Congratulations on your 21st Mike. I recently celebrated my 12th, and I owe it to AA. After quitting for a year on my own, I was one miserable bad-tempered SOB, and started in again. That didn't work out too well, so I reluctantly joined AA and quite honestly never felt the need of a drink after the first meeting. Looking back, I think the key for me was to realize right down to my core that I could not drink, and that realization lifted a great weight from my shoulders. I don't think I could have done it without AA and the meetings - and I am still a confirmed agnostic.

Congratulations. We just had a family friend die from drinking a few weeks ago, on the side of a street just a mile or so away. You can watch someone live with it for years, and then the damage catches up.

You are so right Mike, alcoholics only suffer when they are not drinking, kia kaha mate.

Hi Mike


Thanks for posting this. We lost my wife's cousin from alcoholic poisoning last year and the damage her drinking caused in the family before and after her death has been dreadful to behold. Although my wife and others tried to help through the years, she only made any real progress when she acknowledged the problem and started attending her local meeting. Sadly she had too many other problems, all made worse by the drinking, and it was just too late./ Although she was dry for a short while, she fell back into drinking as she went through a divorce and eventually died at home on her own.

At her funeral, her friends from AA were a wonderful and supportive bunch of people, with no egos to stroke at all. Probably the best and truest friends she had.

Mike

I am actually glad to her your "confession," Mike - and congrats on the aniversary! I myself have a slight problem with the bottle, but I am still trying to walk the straight line ... I am running almost every day, and photography (incl. blogs) help as well :)

That's HUGE!

Mike,

I remember reading an article in Black & White Photography a number of years ago in which you described how, after learning unexpectedly that you had a son who was about to be born and adopted, you turned your life upside down within a matter of days in order to obtain custody of him and begin life as a single parent. At the time I read the article, I had recently become a father to a beautiful little boy whom I loved from the moment I learned he was growing inside of his beautiful mother, so I could appreciate the power of your desire to ensure that you had Zander in your life and under your care. What I marveled at is how you jumped into that role alone and without benefit of the emotional, mental and, yes, logistical preparations that my wife and I made for becoming parents in the months, even years, leading up to our son's birth and which, in the end, still were not sufficient to ready us for the madness and joy that comes with a newborn. And after almost ten years of parenting with my wife, I can also say that I have the utmost respect for anyone who takes on that task on their own.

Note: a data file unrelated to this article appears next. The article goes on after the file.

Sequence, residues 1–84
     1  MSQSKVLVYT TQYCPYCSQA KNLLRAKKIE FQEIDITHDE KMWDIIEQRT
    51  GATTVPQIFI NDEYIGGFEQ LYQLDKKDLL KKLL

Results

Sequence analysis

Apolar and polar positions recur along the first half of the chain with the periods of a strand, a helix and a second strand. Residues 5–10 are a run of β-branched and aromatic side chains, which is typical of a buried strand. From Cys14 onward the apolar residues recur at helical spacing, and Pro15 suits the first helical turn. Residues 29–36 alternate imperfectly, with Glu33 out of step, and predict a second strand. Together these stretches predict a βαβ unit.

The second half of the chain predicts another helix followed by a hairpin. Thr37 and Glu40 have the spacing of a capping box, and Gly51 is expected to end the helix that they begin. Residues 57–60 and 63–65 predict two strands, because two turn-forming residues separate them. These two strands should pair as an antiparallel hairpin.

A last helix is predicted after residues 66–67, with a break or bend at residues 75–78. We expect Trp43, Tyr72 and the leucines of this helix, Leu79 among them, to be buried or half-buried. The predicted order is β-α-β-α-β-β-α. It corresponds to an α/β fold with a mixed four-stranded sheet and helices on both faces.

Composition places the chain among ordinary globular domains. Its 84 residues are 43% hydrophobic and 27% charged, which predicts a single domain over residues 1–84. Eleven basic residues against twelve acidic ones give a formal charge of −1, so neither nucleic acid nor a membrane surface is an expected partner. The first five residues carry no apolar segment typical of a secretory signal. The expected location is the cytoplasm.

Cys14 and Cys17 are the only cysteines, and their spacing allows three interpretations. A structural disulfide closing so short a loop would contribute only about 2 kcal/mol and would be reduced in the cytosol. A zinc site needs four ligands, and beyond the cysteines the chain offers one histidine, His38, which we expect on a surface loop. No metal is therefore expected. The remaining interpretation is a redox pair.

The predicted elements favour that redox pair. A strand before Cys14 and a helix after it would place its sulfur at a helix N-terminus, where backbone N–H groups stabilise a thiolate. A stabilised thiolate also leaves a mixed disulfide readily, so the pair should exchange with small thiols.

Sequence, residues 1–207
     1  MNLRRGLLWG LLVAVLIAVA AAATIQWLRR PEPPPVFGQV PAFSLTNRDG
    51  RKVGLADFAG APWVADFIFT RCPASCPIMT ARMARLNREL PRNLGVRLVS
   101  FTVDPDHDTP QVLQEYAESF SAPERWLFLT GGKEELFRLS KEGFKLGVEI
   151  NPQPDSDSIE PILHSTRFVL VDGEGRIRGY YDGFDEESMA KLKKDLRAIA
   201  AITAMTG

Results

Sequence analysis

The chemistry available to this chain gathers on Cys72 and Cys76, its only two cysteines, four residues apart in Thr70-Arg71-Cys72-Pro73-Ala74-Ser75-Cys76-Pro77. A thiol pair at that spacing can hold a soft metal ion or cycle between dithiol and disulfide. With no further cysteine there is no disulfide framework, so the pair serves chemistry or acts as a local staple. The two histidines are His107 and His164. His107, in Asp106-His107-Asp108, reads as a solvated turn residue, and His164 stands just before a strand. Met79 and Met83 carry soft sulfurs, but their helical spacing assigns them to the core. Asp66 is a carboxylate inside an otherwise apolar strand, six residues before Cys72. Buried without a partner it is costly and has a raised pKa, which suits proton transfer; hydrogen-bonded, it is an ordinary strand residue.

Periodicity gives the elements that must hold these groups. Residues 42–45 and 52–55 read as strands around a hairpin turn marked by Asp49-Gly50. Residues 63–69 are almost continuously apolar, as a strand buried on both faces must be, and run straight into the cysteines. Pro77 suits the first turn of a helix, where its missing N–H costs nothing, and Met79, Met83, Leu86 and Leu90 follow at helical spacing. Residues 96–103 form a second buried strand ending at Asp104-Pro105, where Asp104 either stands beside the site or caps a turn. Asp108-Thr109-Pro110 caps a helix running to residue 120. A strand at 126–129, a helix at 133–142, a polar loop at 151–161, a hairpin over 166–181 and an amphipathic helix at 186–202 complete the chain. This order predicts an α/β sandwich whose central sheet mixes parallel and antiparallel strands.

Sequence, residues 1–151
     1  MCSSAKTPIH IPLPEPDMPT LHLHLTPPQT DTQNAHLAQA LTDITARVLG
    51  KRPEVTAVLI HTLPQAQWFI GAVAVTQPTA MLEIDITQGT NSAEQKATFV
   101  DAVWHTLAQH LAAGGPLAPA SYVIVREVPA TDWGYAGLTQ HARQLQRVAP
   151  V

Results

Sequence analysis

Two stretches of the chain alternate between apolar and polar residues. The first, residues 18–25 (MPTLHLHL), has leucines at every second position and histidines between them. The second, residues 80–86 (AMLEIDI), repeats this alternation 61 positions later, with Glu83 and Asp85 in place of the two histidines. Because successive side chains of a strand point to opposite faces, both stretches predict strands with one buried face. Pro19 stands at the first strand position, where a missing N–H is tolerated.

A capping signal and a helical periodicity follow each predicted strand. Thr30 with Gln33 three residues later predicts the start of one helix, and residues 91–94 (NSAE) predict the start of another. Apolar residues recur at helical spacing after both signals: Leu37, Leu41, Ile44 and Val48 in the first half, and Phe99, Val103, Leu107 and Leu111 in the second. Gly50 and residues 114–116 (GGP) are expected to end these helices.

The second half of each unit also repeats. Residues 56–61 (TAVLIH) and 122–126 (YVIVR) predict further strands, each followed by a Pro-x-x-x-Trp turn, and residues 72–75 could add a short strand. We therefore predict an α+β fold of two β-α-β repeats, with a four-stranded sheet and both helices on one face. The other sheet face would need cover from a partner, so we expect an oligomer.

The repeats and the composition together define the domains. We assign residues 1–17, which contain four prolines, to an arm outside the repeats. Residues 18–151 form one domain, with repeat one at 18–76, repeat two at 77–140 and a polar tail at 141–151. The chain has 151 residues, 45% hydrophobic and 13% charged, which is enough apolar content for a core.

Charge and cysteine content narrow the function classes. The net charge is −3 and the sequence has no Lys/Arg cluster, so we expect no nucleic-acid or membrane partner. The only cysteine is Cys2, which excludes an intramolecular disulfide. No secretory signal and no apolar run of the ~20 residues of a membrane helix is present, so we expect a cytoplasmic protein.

I remember feeling at the time I read your article how lucky Zander is that you committed your life to him within what was, for all practical purposes, an instant of learning he was entering the world, and how lucky I am sure that you feel to have made that commitment. And now that I know what you had to overcome personally only several years prior in order to be ready for that moment, well, I tip my hat you. This particularly is a day when we all should stop to remember the blessings in our fragile lives, and your post is an additional reminder to make the most of what we have for the time we have it. Congratulations and happy anniversary.

Craig

Congratulations. 9 years for me. Thanks for sharing.

Hey, good job!

Me too by the way. Have you noticed that this type of nature can also be used for achieving good things (super power for good or bad).

Congratulations Mike. I hit my 20th on August 25. It is good to be alive and awake.
Paul Crouse
Kyoto, Japan

Mike, that's your best post yet.

Well done, Mike
For me 6 years off drinking and smoking, never been so constructively busy in my life, if I'd carried on I probably would not be here at all. And I still regard photography as a form of therapy. Only wish I could kick my addiction to buying cameras!
Thank you for sharing that,

Mark

Yay, Mike! Congratulations!

I quit smoking in '86 and had my last drink on New Years Eve 2009. If I stay dry for 21 years I will be an old man. I think my drinking was, in part, self-medicating for depression. I wish I'd quit drinking when I quit smoking as there were so very many wasted opportunities. But at least I'm still here.

It's great to hear from all you "quitters." Mutual admiration and support back at you. And thanks to all for the thanks!

Mike

Mike
congratulation on your anniversary i am a friend of bill's too.
23 years so far and still a beginner.

ras


The comments to this entry are closed.